What is your gut feeling? … No seriously … what is your gut actually feeling?
This is a common phrase we use if we are trying to make a decision about something, but do we notice what is happening there in our gut at different times during the day?
Many times we use the body to describe how we are feeling, for example:
• Have you ever been head over heels in love, light headed or are you tight lipped?
• Do you have a nose for a bargain?
• Do you feel light hearted or do you have a heavy heart.
• Maybe you carry the weight of the world on your shoulders but are you happier when someone has your back?
I’m sure you can think of many more. So what is your gut actually feeling?
• We might feel sick to the stomach when we get some bad news.
• Our stomach may churn when we are feeling overwhelmed by everything we have to do.
• We may have butterflies in our tummy when nervous or even a gripping feeling there if feeling threatened, maybe we’ve been asked to give a speech. I always dreaded that one.
When something traumatic happens, maybe in childhood, the one place that is sure to get very tight is the gut. It is part of the startle reflex pattern. Fight, Flight, Fright or even Freeze.
Why can’t humans release trauma like other animals?
When an animal is being chased because it is ‘dinner’ but just escapes, it may well tremor, releasing that trauma from the body including the gut. If they were able to just flee this may not even need to happen and the running motion releases the trauma. A mouse being chased and tormented by a cat may well eventually freeze, the cat may lose interest as it has no interest in eating it. Then the mouse just gets up and runs away, again getting rid of the trauma.
As humans we may not have been able to run away when something traumatic happens. For example if a child is being bullied at school he/she may tend more towards immobility i.e. freeze. Not allowed to leave the confines of the school, maybe knowing that they can’t run fast enough. This trauma is not released. The body remembers even if the mind forgets.
So here are 5 Ways To Start To Release Stress and Trauma
Tip 1 – Observe
Notice your gut – are you holding on to your organs in some way? Do you need to hold onto the weight of your organs? I certainly was and was surprised when I let go. Could you just choose to do a little less here.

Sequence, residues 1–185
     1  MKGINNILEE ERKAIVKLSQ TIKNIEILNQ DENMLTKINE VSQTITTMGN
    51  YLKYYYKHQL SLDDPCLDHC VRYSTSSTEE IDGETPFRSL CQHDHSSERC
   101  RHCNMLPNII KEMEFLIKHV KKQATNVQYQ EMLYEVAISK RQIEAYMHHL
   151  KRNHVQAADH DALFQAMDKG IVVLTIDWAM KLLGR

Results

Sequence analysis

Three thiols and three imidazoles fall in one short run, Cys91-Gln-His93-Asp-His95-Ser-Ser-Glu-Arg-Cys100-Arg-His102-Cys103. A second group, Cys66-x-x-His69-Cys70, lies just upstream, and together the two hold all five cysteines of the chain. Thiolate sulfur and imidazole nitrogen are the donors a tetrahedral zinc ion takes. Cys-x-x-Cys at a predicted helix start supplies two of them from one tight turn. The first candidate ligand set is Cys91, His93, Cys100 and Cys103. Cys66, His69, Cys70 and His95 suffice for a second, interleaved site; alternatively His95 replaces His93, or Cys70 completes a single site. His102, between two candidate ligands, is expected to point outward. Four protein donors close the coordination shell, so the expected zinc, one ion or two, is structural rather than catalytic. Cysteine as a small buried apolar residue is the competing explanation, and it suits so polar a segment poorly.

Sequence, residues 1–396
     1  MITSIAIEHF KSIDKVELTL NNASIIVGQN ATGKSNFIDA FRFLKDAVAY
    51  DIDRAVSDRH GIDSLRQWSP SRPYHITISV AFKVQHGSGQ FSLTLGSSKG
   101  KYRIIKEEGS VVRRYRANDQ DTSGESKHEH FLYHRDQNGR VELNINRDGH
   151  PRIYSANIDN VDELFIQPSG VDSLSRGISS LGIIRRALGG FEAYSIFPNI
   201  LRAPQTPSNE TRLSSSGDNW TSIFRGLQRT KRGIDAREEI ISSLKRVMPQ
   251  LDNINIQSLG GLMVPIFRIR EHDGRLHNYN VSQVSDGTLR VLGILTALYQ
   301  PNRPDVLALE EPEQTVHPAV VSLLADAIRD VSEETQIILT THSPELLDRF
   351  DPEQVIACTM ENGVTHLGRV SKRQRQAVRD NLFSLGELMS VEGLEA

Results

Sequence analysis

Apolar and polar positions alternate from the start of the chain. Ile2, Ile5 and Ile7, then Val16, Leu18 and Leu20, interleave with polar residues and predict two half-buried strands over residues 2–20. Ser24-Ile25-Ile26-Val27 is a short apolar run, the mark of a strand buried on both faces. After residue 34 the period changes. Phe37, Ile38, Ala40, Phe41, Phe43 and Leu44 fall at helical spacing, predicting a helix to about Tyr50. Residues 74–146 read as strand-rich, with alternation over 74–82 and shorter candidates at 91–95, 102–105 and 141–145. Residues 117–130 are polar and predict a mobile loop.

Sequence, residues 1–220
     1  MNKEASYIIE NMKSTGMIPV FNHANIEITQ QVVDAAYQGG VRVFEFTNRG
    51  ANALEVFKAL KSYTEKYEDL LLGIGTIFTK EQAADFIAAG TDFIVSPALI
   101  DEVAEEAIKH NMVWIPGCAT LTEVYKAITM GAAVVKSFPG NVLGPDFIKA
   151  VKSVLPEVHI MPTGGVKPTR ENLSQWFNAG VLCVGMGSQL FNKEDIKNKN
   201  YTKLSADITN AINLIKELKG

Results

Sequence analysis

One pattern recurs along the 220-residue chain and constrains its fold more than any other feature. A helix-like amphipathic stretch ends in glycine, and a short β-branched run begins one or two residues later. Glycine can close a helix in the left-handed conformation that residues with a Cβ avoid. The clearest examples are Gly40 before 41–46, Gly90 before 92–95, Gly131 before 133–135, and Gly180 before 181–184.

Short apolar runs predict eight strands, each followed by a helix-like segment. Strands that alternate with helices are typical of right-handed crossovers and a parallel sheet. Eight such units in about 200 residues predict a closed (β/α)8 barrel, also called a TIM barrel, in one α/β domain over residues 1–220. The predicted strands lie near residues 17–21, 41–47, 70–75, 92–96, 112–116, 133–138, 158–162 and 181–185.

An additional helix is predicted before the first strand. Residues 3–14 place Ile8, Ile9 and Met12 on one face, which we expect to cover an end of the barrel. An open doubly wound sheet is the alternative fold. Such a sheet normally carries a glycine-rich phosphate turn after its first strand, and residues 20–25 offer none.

Tip 2 – Change the image
Is your stomach churning like a washing machine? Stick with the image but imagine the washing machine coming the end of it’s cycle. This has helped a couple of clients who’ve experienced regular migraines. If it is butterflies, imagine they are all slowly coming to settle. If it is something else like a big knot – imagine is is actually a slip knot and so it can unravel. This has helped myself and many of my pupils so it might be worth giving it a go.
Tip 3 – Allow
In an Alexander Technique session we do a lying down practice and if you start to tremble maybe you can allow this to happen. From my personal experience and that of my pupils nothing bad happens. Sometimes people may feel emotional and may cry. Sometimes arms and legs may feel they have a mind of themselves. My theory and it is only that, is maybe trauma is leaving the body. I let my body do what it wants … why would I want to constrict myself?
Tip 4 – Vibrate
In Peter Levine’s Book “In an Unspoken Voice” how the body releases trauma, it suggests making the sound “VOOOOOO”. It may come out like a fog horn sound but vibrates the area of the gut. If you are really gripping in the gut it is difficult to even make this sound.
Tip 5 – Fuel
Also fuel your gut … missing breakfast is a big no no! Many people who suffer anxiety may skip meals but actually it is making things worse. Give yourself 10 minutes, sit down, take a break from your phone too. You wouldn’t expect a car to go very far on an empty fuel tank.
Mark teaches Alexander Technique at The Brighton Natural Health Centre